All of the people I know purchase those fitted rubbery keyboard covers Like your link shows, and you just take it off periodically and clean them..


I do take my keys off regularly and clean out my keyboard as it does fill up with dust and gunk fuss hair etc ..

My husband is a IBM repair man on the side and dismantles the machines cleans repairs and puts them back together..etc. So I have learned about cleaning sticky keyboards and keys! LOL
 

Offline Bored chemist

  • Neilep Level Member
  • ******
  • Posts: 8667
  • Thanked: 42 times
    • View Profile
Computer keyboards as a source of bacteria
« Reply #7 on: 18/08/2007 19:20:04 »
Paul, do you have eny evidence for this? "What i disagree with is there being more  bacteria in the kitchen, than the toilet. Although, the new fad of anti-bacterial dish washing liquids and soaps is actually making more bacteria, not fewer. So for some kitchens that may be true."
The experiment gets repeated from time to time and the result usually comes out the same. The dishcloth usually has one of the highest bug counts in the house. The toilet seat has few- simply because it's dry. The water in the toilet bowl doesn't have as many as would be expected because it's flushed regularly.
 

paul.fr

  • Guest
Computer keyboards as a source of bacteria
« Reply #8 on: 18/08/2007 20:47:16 »
BC, you are right in the fact that the dishcloth usually has one of the highest bug count. But when you say "The toilet seat has few- simply because it's dry", i assume this is when the seat is put down before flushing.

When the seat is left up, this is when the problem starts.
Three links:

http://www.thenakedscientists.com/forum/index.php?topic=7572.0
http://www.thenakedscientists.com/forum/index.php?topic=7106.0
http://www.abc.net.au/science/news/health/HealthRepublish_1056419.htm

 

Offline neilep

  • Withdrawnmist
  • Naked Science Forum GOD!
  • *******
  • Posts: 20602
  • Thanked: 8 times
    • View Profile
Computer keyboards as a source of bacteria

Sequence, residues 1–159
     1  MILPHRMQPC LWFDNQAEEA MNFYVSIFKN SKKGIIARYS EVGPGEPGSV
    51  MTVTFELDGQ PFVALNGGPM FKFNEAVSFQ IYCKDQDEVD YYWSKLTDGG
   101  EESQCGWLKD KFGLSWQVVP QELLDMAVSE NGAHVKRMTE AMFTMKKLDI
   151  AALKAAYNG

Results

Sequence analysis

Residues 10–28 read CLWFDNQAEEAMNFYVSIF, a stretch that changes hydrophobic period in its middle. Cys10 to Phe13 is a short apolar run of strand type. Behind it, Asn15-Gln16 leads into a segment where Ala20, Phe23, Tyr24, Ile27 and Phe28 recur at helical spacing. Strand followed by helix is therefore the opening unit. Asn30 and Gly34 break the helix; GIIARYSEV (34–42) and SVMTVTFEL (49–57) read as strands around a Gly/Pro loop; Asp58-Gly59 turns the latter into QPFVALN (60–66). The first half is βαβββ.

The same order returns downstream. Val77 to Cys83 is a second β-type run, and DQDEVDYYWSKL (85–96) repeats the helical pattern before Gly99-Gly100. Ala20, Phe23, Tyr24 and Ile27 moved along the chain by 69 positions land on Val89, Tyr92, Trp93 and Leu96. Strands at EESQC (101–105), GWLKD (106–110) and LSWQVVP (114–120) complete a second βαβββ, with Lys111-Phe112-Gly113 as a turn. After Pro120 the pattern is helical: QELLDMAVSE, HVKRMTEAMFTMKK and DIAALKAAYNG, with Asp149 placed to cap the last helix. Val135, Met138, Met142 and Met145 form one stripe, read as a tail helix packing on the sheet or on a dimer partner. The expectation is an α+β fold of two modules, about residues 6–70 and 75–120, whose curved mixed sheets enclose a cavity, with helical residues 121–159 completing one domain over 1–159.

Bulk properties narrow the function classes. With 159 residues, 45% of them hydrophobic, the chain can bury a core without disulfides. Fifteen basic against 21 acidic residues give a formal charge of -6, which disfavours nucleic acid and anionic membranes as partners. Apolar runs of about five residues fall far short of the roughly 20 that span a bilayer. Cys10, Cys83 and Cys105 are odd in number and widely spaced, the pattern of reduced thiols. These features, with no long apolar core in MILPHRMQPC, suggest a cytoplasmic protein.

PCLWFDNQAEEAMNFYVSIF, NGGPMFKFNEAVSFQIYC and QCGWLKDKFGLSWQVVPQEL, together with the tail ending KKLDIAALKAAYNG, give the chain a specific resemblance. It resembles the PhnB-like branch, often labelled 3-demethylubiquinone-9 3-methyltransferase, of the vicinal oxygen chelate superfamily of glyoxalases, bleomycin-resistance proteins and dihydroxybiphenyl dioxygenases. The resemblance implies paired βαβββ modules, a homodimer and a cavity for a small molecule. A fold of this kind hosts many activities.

« Reply #9 on: 18/08/2007 22:51:47 »
I've just banged out my keyboard upside down, and you would not believe the stuff that fell out! I'm not the first user of this keyboard, as it's work one, and so there's probably all sorts of other peoples stuff in there. So, this got me thinking that perhaps we're all exposed to some new super-bug that's slowly evolving in our keyboards. Has there been any study into potential infection through exposure to keyboard use?

yes, there has been ample study as will be explained later.

To maintain a sturdy resistance to keyboard infection ...one must derive strength and a form of synergy with your keyboard.

Try Keyboard Calisthenics...or Keyboard Yoga...be at one with your keyboard !!

There have been reports in the past of Keyboard Mites and Keyboard Monsters that dwell between the keys......They usually frequent the letter 'e '...the space bar...and the ' enter ' key ..These being the most used keys. The persistent pounding they receive helps to build up the keyboard monsters muscles making them rather tricky to get rid of. This, in concert with the continuous supply of Keyboard Fodder Food makes them a sturdy force to be reckoned with...it could, if left unresolved, lead to Keyboard Chaos !

Singing them lullabys also helps.....if you put your ear to the keyboard after twenty minutes of Brahms' Lullaby then you may just be able to hear them snoring and gently humming the tune in their sleep !

Deploying the tactic of removing the Keyboard Fodder Food is usually the first line of attack  though and it seems , having done this, that you are well on your way to being at peace and infection free with your keyboard.

 

Offline FuzzyUK

  • Sr. Member
  • ****
  • Posts: 206
    • View Profile
    • http://www.fusniak.co.uk
Computer keyboards as a source of bacteria
« Reply #10 on: 19/08/2007 01:55:00 »
"There have been reports in the past of Keyboard Mites and Keyboard Monsters that dwell between the keys......They usually frequent the letter 'e '...the space bar...and the ' enter ' key ..These being the most used keys."

Just checked my keyboard and the most worn letters on the left hand side are ARSED(T), (and that's without me bumming about on it too much). Seriously, no joke! Coincidence?

On the right hand side, the most faded letters are NLM.
 

Offline neilep

  • Withdrawnmist
  • Naked Science Forum GOD!
  • *******
  • Posts: 20602
  • Thanked: 8 times
    • View Profile
Computer keyboards as a source of bacteria
« Reply #11 on: 19/08/2007 02:01:37 »